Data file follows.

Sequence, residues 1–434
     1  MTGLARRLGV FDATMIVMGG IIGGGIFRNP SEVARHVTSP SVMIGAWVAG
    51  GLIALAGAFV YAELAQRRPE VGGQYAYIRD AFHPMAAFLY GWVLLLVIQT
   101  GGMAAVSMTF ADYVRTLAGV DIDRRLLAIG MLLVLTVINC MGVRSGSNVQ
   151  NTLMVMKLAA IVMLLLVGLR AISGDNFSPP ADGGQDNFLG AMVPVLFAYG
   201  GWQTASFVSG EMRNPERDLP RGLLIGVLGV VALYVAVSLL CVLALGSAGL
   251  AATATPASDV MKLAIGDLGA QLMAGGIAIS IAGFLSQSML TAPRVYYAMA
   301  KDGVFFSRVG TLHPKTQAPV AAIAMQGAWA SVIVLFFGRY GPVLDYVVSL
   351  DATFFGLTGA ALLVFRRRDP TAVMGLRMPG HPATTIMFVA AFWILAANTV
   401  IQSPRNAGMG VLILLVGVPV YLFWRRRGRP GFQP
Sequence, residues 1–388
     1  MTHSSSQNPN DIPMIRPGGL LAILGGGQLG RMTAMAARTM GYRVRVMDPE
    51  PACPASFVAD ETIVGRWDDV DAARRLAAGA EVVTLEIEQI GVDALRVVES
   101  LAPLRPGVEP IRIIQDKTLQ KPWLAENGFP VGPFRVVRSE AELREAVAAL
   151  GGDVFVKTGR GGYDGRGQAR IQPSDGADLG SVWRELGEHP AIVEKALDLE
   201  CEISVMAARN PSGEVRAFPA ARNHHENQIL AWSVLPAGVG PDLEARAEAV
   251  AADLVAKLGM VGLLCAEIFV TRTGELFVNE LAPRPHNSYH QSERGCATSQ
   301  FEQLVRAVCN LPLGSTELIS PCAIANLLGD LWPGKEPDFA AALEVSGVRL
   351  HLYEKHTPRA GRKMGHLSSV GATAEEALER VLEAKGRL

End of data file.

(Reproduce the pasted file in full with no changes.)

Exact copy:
Sequence, residues 1–434
     1  MTGLARRLGV FDATMIVMGG IIGGGIFRNP SEVARHVTSP SVMIGAWVAG
    51  GLIALAGAFV YAELAQRRPE VGGQYAYIRD AFHPMAAFLY GWVLLLVIQT
   101  GGMAAVSMTF ADYVRTLAGV DIDRRLLAIG MLLVLTVINC MGVRSGSNVQ
   151  NTLMVMKLAA IVMLLLVGLR AISGDNFSPP ADGGQDNFLG AMVPVLFAYG
   201  GWQTASFVSG EMRNPERDLP RGLLIGVLGV VALYVAVSLL CVLALGSAGL
   251  AATATPASDV MKLAIGDLGA QLMAGGIAIS IAGFLSQSML TAPRVYYAMA
   301  KDGVFFSRVG TLHPKTQAPV AAIAMQGAWA SVIVLFFGRY GPVLDYVVSL
   351  DATFFGLTGA ALLVFRRRDP TAVMGLRMPG HPATTIMFVA AFWILAANTV
   401  IQSPRNAGMG VLILLVGVPV YLFWRRRGRP GFQP
Sequence, residues 1–388
     1  MTHSSSQNPN DIPMIRPGGL LAILGGGQLG RMTAMAARTM GYRVRVMDPE
    51  PACPASFVAD ETIVGRWDDV DAARRLAAGA EVVTLEIEQI GVDALRVVES
   101  LAPLRPGVEP IRIIQDKTLQ KPWLAENGFP VGPFRVVRSE AELREAVAAL
   151  GGDVFVKTGR GGYDGRGQAR IQPSDGADLG SVWRELGEHP AIVEKALDLE
   201  CEISVMAARN PSGEVRAFPA ARNHHENQIL AWSVLPAGVG PDLEARAEAV
   251  AADLVAKLGM VGLLCAEIFV TRTGELFVNE LAPRPHNSYH QSERGCATSQ
   301  FEQLVRAVCN LPLGSTELIS PCAIANLLGD LWPGKEPDFA AALEVSGVRL
   351  HLYEKHTPRA GRKMGHLSSV GATAEEALER VLEAKGRL